About Us

Pronghorn in winter on the Refuge.

Wildlife conservation is at the heart of what makes the National Elk Refuge unique and unparalleled in the Greater Yellowstone Ecosystem. Conservation of native species and their habitats is the core management mission of the Refuge.

The Refuge protects critically important habitat for numerous iconic species, including elk, bison, wolves, trumpeter swans, bald eagles, bighorn sheep, and cutthroat trout. The landscape of the Refuge is primarily glacial outwash plain and rolling hills with a narrow, winding river. The Refuge is surrounded by the rugged peaks of the Teton and Gros Ventre Mountain Ranges. 

The Refuge was established by various Acts of Congress, executive orders, and other documents to provide, preserve, restore, and manage lands for wintering elk, birds, and other big game animals. The main Act of Congress on August 10, 1912 set aside lands “for the establishment of a winter game (elk) reserve in the State of Wyoming, lying south of the Yellowstone Park . . .”

The National Elk Refuge, along with the lands and waters of the Greater Yellowstone Ecosystem have been home to Indigenous peoples since time immemorial. Numerous Tribes consider the GYE a part of their ancestral homelands. This includes, but is not limited to, Apsáalooke/Crow, Arapaho, Cheyenne and Ute Nations, Bannock, Aaniiih/Gros Ventre, Ksanka/Kootenai, Lakota, Weyíiletpuu/Cayuse, Umatilla, Walla Walla, Lemhi, Little Shell Chippewa, Nakoda/Assiniboine, Nez Perce, Niitsitapi/Blackfeet, Ql̓ispe/Upper Pend d’Oreille, and Séliš/Bitterroot Salish.

Visiting in the Winter

The Refuge is nationally renowned as a place to observe wintering elk, bighorn sheep, trumpeter swans, and bald eagles. Most visitors to the Refuge during the winter months take a horse-drawn sleigh to see the elk, drive the Refuge Road to observe wildlife, or stop by the visitor center for educational programming and information.  

Arrowleaf balsamroot growing in summer.

Visiting in the Summer

The summer brings an influx of visitors to the area. The Refuge is the gateway from town of Jackson, WY to Grand Teton National Park and the Bridger-Teton National Forest. Cycling, walking, and birding along the Multi-use Pathway are popular summer activities.  Visiting the Historic Miller Ranch interpretive site and the visitor center provide great opportunities to get oriented to the area. Many visitors drive the Refuge Road at sunset to observe wildlife, watch the sun crest behind the Tetons, or access camping in the nearby National Forest camping zones.  

Where are the Elk?

Elk are typically visible on the Refuge from mid-December through early April.  In late spring, elk begin migrating off of the Refuge towards their summer ranges. The majority of elk will follow the receding snow line up to higher elevations in Grand Teton National Park and in the Teton Wilderness in the Bridger Teton National Forest. From October through December, deepening snow push the elk down from their higher summer ranges to seek food and shelter at lower elevations in Jackson Hole.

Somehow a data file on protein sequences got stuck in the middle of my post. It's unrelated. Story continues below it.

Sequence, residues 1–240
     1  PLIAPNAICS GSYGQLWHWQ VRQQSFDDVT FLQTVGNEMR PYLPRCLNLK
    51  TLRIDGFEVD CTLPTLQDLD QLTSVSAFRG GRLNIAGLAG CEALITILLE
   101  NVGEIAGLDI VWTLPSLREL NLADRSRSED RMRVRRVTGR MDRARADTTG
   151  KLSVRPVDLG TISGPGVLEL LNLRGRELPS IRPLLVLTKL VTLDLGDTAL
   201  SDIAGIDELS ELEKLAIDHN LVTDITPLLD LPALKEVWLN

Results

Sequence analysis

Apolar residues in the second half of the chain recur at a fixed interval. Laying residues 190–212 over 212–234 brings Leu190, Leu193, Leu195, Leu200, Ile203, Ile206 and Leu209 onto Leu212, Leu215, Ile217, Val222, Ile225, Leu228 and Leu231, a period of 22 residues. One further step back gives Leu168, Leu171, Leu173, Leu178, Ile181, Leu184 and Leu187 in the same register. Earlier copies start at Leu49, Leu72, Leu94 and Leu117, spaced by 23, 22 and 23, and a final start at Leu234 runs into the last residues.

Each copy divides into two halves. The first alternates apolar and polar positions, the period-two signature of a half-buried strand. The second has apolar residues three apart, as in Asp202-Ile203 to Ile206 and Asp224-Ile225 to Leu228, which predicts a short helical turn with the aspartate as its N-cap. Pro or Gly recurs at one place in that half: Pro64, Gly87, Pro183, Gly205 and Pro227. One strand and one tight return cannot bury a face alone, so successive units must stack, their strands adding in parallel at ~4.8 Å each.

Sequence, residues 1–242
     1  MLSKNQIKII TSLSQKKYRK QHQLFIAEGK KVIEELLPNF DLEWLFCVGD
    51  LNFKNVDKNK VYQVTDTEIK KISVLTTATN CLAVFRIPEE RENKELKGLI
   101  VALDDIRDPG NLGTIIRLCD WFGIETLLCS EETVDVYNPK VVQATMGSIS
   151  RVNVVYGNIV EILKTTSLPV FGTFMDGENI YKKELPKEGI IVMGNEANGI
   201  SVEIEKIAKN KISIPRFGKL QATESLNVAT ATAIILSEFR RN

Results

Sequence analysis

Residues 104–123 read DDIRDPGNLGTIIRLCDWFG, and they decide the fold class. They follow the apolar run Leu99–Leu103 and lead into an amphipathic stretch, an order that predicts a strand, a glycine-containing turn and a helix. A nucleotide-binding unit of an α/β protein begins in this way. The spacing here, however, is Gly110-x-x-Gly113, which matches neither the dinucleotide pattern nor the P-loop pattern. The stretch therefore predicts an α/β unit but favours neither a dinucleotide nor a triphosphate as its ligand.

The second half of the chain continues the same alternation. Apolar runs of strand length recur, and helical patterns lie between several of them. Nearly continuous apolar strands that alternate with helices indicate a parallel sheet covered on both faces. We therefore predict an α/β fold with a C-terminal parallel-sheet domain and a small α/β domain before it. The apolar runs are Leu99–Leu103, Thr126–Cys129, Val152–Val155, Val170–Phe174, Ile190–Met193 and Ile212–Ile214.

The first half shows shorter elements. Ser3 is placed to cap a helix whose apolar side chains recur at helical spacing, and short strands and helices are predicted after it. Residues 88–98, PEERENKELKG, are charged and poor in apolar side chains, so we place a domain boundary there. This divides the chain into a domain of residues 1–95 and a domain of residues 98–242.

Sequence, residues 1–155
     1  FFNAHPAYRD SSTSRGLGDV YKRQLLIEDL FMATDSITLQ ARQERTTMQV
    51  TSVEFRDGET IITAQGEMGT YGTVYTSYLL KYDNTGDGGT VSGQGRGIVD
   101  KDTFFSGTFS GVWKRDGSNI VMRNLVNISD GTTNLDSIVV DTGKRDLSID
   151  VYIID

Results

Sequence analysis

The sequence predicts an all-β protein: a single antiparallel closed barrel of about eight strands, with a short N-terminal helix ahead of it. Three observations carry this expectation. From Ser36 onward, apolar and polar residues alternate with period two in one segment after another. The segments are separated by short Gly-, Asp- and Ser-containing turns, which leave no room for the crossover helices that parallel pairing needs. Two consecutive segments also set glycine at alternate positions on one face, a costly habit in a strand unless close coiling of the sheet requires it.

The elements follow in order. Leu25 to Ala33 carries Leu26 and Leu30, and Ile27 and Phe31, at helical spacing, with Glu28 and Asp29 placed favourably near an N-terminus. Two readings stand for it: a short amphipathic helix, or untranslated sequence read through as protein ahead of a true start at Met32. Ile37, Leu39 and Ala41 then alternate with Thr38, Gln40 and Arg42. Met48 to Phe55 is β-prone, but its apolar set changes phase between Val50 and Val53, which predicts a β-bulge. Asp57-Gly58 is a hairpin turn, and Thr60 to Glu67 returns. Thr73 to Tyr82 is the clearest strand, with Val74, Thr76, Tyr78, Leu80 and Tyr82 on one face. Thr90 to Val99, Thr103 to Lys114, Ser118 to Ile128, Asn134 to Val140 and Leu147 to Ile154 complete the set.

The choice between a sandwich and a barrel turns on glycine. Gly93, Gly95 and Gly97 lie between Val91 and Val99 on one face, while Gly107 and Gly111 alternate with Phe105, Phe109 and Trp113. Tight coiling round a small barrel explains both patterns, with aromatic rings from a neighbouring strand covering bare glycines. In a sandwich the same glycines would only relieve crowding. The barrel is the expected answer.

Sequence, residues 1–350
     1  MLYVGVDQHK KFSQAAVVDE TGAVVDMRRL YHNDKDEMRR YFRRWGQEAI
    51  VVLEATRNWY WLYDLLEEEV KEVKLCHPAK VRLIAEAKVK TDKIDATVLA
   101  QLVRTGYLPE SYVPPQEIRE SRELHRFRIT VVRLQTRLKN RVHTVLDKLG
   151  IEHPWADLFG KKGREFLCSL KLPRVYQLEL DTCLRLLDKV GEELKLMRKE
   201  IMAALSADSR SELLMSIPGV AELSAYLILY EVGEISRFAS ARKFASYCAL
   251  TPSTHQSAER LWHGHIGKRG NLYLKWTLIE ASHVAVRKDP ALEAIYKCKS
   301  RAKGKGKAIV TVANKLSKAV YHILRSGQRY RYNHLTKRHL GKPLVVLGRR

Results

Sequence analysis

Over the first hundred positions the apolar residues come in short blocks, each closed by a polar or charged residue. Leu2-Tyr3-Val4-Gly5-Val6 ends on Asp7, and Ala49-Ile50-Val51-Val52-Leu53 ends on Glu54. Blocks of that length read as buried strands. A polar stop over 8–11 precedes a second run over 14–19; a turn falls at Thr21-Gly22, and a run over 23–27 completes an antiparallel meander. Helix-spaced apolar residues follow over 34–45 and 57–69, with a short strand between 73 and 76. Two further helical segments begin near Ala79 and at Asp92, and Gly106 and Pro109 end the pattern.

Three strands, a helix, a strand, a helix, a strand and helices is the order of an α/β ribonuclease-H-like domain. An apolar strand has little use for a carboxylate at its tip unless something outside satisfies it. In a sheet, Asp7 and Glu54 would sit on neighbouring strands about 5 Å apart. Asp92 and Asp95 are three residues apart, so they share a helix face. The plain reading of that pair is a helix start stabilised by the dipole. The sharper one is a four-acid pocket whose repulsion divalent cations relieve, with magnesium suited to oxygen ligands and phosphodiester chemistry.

Elk Migration Film

Kari Cieszkiewicz / USFWS

Our Mission

A herd of bull elk.

Each unit of the National Wildlife Refuge System is established to serve a statutory purpose that targets the conservation of native species dependent on its lands and waters. All activities on those acres are reviewed for compatibility with this statutory purpose.

The National Elk Refuge was established in 1912 as a "winter game reserve" to support the conservation of wintering elk and their habitat. Nearly a decade later, an Executive Order passed that expanded the purpose of the Refuge to include protections for bird nesting habitat. Today, the purpose has been broadened to include conservation of fish, wildlife, natural resources, and threatened or endangered species. 

Our History

Sunrise on the Refuge.

Humans have occupied the landscape of the National Elk Refuge and surrounding area for 11,000 years, supporting a diverse history and varied purpose of the land and resources. For thousands of years, Indigenous peoples used the land seasonally, following herds of bison, bighorn sheep, and elk to and from summer camps. 

By the turn of the 20th century, newcomers arrived in valley with the intent to make Jackson Hole a permanent residence. Rapid settlement led to land development and growing infrastructure, that disrupted historical elk migration routes and wintering areas. Reduced habitat and severe winters led to the starvation death of thousands of elk. Dismayed at the sight of dead and dying elk, the residents of Jackson Hole started a grassroots campaign to protect the elk. The public outcry from residents in Jackson Hole gained national attention. In 1912, the US Congress passed an Act designating a “winter game (elk) reserve,” establishing the National Elk Refuge.  

Today the National Elk Refuge is used by humans for wildlife-dependent recreation, such as hunting, fishing, photography, wildlife observation, and interpretation and environmental education opportunities. Human use of the refuge also includes wildlife management, cultural ceremonies, habitat management, scientific research, and other public use that is determined to be compatible with the purpose of the refuge. 

Other Facilities in this Complex

A fish biologist holding a Snake River cutthroat trout.

Jackson National Fish Hatchery

Visit the the Jackson National Fish Hatchery today! Located on the National Elk Refuge, the Hatchery has many visitor opportunities for you and your family. During your visit you can tour the fish hatchery production site, picnic near a scenic pond, and go fishing (Wyoming fishing license is required).The Hatchery is open daily from 10AM - 4PM (excluding federal holidays).

The Jackson National Fish Hatchery is located 3.5 miles north of the Jackson Hole & Greater Yellowstone Visitor Center on HWY 191.